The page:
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Aid Programme

Volume 897: debated on Monday 4 August 1975

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asked the Minister for Overseas Development by what percentage his overseas aid programme in the current year and in 1976–77, respectively, is greater or less in real terms than the programme for 1974–75.

The net aid programme in 1975–76 expressed in 1974 constant prices is lower by 1·3 per cent. than in 1974–75. In cash terms, however, it shows an increase of some £100 million. The net aid programme for 1976–77 is 1·1 per cent. higher than for 1974–75.

In view of those disappointing figures and of the many demands on very limited resources, will the Minister consider whether it is wise to continue giving aid to India in view of the recent political developments there? Is it fair to ask British taxpayers to give a great deal of money to help to finance the programmes of a country which is at present destroying democracy and freedom and making nonsense of the rule of law?

In a sense I answered that when I replied on the previous Question. I want to repeat from this Dispatch Box that it is not my business or that of Her Majesty's Government to determine the policy of other independent countries. There are within the world about 100 countries that receive aid from a number of sources, not only from Britain but from other aid donor countries and from international agencies. Many are not democracies. Some have internal practices of which we might disapprove. We have to ask two basic questions: do they need assistance, and can they make effective use of that assistance?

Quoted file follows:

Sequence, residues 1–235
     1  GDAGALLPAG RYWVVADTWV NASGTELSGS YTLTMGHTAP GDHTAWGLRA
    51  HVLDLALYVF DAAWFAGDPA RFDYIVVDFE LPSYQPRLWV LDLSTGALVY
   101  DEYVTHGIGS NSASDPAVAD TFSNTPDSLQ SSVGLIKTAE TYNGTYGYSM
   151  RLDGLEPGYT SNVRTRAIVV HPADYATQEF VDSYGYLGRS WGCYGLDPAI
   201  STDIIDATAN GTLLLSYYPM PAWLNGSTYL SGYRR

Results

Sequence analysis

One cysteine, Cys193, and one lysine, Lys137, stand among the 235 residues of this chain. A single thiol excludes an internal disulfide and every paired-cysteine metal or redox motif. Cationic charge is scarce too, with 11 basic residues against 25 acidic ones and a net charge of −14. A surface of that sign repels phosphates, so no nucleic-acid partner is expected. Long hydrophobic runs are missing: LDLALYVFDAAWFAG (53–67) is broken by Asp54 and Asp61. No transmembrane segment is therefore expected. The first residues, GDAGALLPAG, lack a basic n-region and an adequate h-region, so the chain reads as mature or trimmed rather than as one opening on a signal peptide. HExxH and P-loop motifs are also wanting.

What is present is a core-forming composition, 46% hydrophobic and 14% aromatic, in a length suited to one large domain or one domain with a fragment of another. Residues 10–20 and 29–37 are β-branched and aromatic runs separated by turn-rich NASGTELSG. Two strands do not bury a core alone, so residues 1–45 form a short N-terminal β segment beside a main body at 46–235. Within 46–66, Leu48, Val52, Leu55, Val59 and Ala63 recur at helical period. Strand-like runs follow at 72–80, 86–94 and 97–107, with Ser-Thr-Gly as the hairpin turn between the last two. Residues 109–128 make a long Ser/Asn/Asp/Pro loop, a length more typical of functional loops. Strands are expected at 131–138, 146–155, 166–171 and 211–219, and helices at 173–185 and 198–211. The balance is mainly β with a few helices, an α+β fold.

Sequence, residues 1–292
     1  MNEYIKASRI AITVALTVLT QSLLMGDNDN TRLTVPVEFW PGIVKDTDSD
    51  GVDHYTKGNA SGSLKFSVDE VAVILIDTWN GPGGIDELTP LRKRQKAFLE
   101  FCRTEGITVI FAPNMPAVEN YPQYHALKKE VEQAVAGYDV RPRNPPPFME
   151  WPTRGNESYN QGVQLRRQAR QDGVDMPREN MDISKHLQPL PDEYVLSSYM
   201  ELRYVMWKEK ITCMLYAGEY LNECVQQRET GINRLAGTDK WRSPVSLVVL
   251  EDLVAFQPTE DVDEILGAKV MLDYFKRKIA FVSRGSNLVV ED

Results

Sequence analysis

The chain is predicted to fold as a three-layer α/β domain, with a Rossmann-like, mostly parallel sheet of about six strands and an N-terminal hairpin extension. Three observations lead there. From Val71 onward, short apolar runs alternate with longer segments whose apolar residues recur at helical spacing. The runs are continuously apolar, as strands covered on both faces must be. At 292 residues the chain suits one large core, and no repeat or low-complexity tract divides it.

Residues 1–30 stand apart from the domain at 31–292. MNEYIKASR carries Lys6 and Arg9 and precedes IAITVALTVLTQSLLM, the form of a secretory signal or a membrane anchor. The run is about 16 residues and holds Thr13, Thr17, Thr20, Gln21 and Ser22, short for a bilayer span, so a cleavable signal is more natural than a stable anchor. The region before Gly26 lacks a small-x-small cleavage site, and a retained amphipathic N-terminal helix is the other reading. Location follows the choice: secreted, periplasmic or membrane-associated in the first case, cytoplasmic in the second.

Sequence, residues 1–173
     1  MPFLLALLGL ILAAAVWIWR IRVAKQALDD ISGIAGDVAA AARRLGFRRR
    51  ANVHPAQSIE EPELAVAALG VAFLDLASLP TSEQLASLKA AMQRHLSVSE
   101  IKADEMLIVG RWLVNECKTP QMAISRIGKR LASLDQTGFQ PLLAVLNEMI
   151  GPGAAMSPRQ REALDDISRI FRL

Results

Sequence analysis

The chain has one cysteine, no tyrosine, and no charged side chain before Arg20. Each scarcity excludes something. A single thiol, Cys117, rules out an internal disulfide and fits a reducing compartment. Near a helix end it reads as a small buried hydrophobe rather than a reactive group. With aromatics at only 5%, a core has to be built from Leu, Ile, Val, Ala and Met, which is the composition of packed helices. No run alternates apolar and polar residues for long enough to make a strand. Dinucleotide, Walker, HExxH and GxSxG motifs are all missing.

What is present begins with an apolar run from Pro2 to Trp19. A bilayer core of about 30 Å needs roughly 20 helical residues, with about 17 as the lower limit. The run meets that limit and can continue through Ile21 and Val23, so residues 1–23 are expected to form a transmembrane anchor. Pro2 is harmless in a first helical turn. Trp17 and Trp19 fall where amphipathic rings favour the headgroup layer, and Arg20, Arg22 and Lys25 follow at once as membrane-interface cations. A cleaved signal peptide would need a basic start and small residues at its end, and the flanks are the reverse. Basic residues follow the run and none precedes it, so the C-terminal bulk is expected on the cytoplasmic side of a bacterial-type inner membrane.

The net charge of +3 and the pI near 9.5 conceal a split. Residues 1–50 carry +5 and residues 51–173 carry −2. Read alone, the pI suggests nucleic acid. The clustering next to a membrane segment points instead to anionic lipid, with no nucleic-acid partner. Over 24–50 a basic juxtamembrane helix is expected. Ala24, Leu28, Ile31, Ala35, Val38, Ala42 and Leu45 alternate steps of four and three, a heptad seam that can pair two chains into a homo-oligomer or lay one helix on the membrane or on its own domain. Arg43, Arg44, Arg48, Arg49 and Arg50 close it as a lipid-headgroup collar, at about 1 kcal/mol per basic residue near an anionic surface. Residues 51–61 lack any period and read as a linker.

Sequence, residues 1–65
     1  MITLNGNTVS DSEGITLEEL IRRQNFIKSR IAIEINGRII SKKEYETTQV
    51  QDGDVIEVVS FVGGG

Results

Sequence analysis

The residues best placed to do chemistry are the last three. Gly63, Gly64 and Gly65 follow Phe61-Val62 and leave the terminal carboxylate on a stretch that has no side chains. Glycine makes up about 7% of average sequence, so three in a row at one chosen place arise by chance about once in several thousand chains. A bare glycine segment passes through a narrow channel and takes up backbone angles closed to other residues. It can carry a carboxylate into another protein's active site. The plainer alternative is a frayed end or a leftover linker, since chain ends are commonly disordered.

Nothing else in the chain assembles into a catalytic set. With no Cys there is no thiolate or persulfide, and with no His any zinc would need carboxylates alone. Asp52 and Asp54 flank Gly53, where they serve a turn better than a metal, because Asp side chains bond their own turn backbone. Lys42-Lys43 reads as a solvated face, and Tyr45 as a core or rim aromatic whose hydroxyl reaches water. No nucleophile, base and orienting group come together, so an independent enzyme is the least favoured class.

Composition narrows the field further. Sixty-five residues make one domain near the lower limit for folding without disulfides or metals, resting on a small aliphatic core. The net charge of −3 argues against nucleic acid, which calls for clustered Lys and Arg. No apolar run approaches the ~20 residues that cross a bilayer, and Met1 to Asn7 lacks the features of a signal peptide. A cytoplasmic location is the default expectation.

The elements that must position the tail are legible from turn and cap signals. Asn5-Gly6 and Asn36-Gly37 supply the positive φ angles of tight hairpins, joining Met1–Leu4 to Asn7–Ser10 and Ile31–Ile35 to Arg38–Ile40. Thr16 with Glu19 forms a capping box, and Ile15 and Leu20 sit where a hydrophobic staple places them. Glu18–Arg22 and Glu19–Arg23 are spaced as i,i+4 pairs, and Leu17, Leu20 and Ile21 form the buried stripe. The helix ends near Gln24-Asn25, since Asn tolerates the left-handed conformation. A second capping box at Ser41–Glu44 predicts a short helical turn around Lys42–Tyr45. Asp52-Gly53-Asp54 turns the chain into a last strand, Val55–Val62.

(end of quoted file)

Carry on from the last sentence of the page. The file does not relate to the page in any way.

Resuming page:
Although it would not be right or practical to investigate the political purity of all the countries which are aid recipients, and although many of us who are anti-Common Market regarded the Lomé Agreement as wholly inadequate because it did not provide for the poorest nations of South-East Asia, is my right hon. Friend nevertheless aware that some of us have misgivings about what is happening in India and are bound to share in some measure the sentiments expressed rather surprisingly from the other side of the House?

I appreciate that my hon. Friend has reservations about what is happening in India. However, I hope he will not suggest that we should cut off aid to India or to other countries which may be pursuing policies of which hon. Members may not approve.

As for the extension of the Lomé Agreement, it is the policy of the Government to see the aid programme of the Community extended to non-associates. We shall be arguing for that policy within all the machinery of the Community.

The right hon. Gentleman has twice sought refuge in the word "effectively" or "effective use". As that word is, on the face of it, imprecise since any expenditure is bound to produce some effect and to that extent be effective, will he essay a more precise definition and in particular say whether any qualitative criterion is involved?

No; without giving a very long lecture I will not attempt it. I suggest to the House that a study both of the British aid programme and of the aid programmes of other donors, of the United Nations agencies, of the World Bank and other similar bodies, shows that over the years we have become very much more expert in assessing development projects. So also have the developing countries themselves in many cases become much more effective in their development projects and avoided earlier mistakes. On the whole, the experience of recent years has been more successful than was the experience 15 to 20 years ago.